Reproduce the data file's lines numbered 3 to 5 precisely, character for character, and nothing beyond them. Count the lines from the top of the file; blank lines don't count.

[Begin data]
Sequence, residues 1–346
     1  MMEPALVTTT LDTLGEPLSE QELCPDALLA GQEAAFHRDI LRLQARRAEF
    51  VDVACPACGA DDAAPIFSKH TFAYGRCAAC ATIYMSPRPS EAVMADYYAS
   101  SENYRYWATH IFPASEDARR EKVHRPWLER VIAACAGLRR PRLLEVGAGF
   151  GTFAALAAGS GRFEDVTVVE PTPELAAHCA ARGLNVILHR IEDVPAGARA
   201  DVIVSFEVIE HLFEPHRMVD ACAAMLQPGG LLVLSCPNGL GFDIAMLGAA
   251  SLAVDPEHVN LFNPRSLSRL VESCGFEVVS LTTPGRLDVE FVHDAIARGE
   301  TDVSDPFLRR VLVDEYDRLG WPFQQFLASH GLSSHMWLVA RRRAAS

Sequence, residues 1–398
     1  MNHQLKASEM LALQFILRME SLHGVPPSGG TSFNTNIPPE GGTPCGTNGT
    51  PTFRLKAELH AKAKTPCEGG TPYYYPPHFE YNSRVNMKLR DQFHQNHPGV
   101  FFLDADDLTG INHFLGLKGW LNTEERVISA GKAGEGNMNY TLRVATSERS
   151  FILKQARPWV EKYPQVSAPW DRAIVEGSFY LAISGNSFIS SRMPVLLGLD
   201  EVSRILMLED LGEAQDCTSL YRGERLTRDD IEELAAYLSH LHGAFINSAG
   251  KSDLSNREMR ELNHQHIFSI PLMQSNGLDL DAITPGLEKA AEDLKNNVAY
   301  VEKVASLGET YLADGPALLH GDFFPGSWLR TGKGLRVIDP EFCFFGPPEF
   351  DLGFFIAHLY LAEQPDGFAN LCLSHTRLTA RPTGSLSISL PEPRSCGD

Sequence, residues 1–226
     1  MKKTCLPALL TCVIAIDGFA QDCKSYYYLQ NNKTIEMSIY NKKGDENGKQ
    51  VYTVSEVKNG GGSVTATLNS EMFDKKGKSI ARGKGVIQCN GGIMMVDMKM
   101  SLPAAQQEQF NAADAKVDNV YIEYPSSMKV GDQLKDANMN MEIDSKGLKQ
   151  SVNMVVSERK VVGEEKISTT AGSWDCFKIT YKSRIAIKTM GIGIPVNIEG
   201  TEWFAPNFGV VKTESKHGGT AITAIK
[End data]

    51  VDVACPACGA DDAAPIFSKH TFAYGRCAAC ATIYMSPRPS EAVMADYYAS
   101  SENYRYWATH IFPASEDARR EKVHRPWLER VIAACAGLRR PRLLEVGAGF
   151  GTFAALAAGS GRFEDVTVVE PTPELAAHCA ARGLNVILHR IEDVPAGARA